Post # 17
If it were ME, I wouldn’t be brave enough to do that in this economy. I’d take the baking classes or school at night & continue toward starting my own book keeping business. Then once that is successful enough income wise, you can go to full time baker.
Just my opinion. I’m not one of those “follow your dreams” people though, esp if it’s in art or music or something. I need stability.
Post # 18
I was a lawyer for 8 years. Three years ago I gave it all up to start baking from home, now I have a shop and four staff. It’s risky, yes, but I wouldn’t change it for the world. Don’t get me wrong, I may have just gotten lucky, but I thought I’d share my experience given it’s pretty similar 🙂
Post # 19
Life is too short to stay in a job that makes you unhappy. I think you should do it! 🙂
Post # 20
@missjewels: I say give it a try!
I actually did the same thing- I worked “corporate life” for 5 years and became incredibly burnt out. I always wanted to do hair, so one day I put in my two weeks notice and started hair school full-time, using my savings to support myself. I did hair for about 2.5 years before I went back to the corporate world (I LOVE doing hair and the work but honestly the salon environment just isn’t for me.) I’m SO SO SO glad that I did it. To be honest, its kind of ruined me financially- I burnt through virtually all my savings and am now 1 year into my new job and just barely putting any money aside, but I am really happy and proud that i made such a huge transition.
Post # 21
@missjewels: how else are you to become the next Martha Stewart-esque multi million dollar cooking/baking/domestic MAVEN if you don’t take this opportunity to increase your skills and add to your already fabulous education???? Your parents should realize, you’re not taking anything away from yourself, only adding to, in a different skill-set!!!
I am “only” 42, but I can tell you, living with regrets about “what if I’d….” SUCKS BIG TIME. And now, even at my “young” age, with 4 kids to feed, house, clothe, and educate, I REALLY WISH I’d have added to my education more when I had the chance!!!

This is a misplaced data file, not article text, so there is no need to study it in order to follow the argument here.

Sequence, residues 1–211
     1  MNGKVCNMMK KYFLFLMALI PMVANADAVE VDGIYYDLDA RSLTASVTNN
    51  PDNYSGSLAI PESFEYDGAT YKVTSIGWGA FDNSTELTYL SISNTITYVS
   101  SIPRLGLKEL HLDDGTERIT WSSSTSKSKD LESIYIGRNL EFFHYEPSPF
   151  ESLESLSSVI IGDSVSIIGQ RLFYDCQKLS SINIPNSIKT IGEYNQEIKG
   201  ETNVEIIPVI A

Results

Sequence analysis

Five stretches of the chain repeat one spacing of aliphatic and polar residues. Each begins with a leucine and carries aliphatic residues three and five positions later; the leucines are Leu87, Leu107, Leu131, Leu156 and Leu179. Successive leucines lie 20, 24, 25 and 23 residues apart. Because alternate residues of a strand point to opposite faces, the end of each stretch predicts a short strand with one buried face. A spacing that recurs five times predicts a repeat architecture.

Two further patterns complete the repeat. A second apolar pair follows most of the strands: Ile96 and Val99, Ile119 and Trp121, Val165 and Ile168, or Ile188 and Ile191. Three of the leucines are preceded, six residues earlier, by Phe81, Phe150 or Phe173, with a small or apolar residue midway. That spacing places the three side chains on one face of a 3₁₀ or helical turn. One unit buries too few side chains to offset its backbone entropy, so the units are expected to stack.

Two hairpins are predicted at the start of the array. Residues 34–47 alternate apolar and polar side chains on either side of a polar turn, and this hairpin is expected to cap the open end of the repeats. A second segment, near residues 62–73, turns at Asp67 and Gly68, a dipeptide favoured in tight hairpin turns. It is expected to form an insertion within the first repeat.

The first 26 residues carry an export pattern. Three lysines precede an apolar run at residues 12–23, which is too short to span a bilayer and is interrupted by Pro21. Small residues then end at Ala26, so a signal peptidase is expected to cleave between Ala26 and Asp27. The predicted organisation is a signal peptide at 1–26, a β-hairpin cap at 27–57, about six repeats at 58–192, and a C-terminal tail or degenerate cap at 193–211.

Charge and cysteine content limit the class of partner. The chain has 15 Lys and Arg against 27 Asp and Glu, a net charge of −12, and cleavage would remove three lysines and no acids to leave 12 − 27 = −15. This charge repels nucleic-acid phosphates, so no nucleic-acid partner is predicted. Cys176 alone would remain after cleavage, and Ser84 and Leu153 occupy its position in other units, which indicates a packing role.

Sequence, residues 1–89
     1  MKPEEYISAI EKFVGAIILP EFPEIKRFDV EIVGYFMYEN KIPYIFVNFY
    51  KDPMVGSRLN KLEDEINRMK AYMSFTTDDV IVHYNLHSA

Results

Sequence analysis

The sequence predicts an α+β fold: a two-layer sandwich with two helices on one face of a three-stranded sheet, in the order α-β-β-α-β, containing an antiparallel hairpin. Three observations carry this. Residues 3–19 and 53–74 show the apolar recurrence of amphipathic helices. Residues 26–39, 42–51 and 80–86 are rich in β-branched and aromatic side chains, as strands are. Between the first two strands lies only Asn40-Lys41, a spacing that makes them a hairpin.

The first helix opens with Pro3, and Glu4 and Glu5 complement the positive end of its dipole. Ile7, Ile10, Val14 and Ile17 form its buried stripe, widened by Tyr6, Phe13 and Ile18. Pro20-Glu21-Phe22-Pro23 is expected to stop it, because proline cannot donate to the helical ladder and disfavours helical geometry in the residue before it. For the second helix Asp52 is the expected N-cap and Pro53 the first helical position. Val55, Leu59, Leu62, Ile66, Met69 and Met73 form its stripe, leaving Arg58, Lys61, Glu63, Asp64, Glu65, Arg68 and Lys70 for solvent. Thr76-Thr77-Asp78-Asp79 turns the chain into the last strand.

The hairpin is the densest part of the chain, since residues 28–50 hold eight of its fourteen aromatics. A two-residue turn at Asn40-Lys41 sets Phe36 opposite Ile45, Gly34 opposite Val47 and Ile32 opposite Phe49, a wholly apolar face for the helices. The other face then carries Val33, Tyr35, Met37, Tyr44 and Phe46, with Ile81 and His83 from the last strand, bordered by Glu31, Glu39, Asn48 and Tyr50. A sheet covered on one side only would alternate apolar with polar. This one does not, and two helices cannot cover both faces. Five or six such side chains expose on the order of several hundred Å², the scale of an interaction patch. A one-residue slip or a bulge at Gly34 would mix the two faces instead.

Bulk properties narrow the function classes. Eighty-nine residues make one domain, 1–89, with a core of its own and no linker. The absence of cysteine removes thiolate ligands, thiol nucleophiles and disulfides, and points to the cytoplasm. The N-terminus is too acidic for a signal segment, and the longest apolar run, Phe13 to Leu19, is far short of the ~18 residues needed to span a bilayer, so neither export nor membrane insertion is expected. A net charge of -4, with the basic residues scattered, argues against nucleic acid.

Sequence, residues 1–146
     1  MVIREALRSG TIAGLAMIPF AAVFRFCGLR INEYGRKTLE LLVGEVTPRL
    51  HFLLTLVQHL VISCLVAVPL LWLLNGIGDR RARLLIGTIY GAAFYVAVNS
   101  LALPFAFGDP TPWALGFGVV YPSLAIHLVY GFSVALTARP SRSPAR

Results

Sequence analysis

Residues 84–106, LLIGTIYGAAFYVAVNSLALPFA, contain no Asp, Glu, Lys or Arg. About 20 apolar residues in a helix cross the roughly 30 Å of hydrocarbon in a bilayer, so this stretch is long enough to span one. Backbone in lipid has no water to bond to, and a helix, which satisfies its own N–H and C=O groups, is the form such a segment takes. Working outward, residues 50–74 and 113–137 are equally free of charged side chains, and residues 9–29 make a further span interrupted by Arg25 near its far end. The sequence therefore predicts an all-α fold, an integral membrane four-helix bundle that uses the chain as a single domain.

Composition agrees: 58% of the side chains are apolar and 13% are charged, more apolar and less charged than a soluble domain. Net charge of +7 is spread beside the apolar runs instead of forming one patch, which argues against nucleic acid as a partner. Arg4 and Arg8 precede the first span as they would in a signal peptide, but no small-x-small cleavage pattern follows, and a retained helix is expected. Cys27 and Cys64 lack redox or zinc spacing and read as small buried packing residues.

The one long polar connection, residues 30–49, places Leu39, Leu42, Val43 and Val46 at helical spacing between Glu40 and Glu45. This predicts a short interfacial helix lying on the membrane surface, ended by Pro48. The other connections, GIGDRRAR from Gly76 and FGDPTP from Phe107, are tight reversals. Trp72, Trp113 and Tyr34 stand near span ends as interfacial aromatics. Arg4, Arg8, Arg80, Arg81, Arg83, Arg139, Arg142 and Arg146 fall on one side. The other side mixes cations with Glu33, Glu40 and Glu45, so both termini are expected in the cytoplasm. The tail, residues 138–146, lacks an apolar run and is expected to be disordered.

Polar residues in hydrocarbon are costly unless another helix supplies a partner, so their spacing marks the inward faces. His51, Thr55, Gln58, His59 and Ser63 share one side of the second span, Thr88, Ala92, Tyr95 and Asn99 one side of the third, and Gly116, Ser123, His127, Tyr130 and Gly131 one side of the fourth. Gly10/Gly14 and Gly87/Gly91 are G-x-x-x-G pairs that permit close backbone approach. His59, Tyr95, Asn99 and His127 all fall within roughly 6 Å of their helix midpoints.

if SO is on board, and can support you both financially, I’d jump right in with both feet and never look back!!! GO FOR IT!!!
Post # 22
- Wedding: November 2013 - St. Augustine Beach, FL
@missjewels: Just do it. You have the time and money right now so there is no reason not to. Yes, you might fail, but you might be awesome. If you don’t do it, you will always wonder. Better to try and fail then wonder forever what might have been.
Post # 23
@missjewels: Do exactly what makes you happy. Sounds like your hubby makes good $, and if he didn’t I might advise keeping your current job. But, since it sounds like he can support you through school, and is happy doing so, GO FOR IT!! Life is too short…trust me. You don’t want to wake up one day when you’re 80 and regret not taking that chance.
Post # 24
@missjewels: Do it! And I think having a background in bookkeeping can be really beneficial starting your own business.
Post # 25
@missjewels: If you want it really bad, go for it–hard.
I know there are the factors of money and time and being afraid to take the plunge, but if you want it that badly then go get it, just recognize that you will have to put the naysayers aside. My advice would be to set some money aside or see if there are some scholarships available for you so you won’t have to juggle working and being a student in a specialized field. I’ve been there, and it almost killed me.
I agree with others though, recognize the risk and be aware and above all be the best. I know that last bit sounds kind of silly, but it’s not enough to just want it, you have to do it. People my whole life told me I couldn’t make a living with my art/design skills, and bam, I have a full-time job within a month of graduation. I’m not saying I’m super awesome, but the fact that I have a job at all and in my field is saying something.
Post # 26
If you have a supportive fiance – emotionally, as well as financially – then go for it. You can do anything you want in this life, but you only get one crack at it.
You’re right to be worried that you won’t make any money. The first year (or few) of running a business, the profits will likely be slim to nonexistent. Do I think that it’s a good reason to give up your dream. NO! Follow your passion!
What’s the worst-case scenario? It doesn’t work out? Oh well. Back to bookkeeping and being the awesome, talented go-to girl for your friends’ and family’s special occasions. If the business fails, you’re not going to die. People won’t stop loving you. It doesn’t mean something is wrong with you. It just means that you did something for a few years and then decided to stop.
I’m saying this as a person who up and quit her job to follow a crazy dream. I’m saying this as someone who started off making no money, but is slowly seeing her profits grow. I’m saying this as someone who loves being asked “what do you do for a living?” because the answer is something I never thought I’d be brave enough to do. DO IT, DO IT, DO IT.
PS: My parents paid for a university degree in biology and ended up with a wedding planner for a daughter. What parents want the most is to see their children happy, and their tune will change when they see how full of joy you are on your new adventure.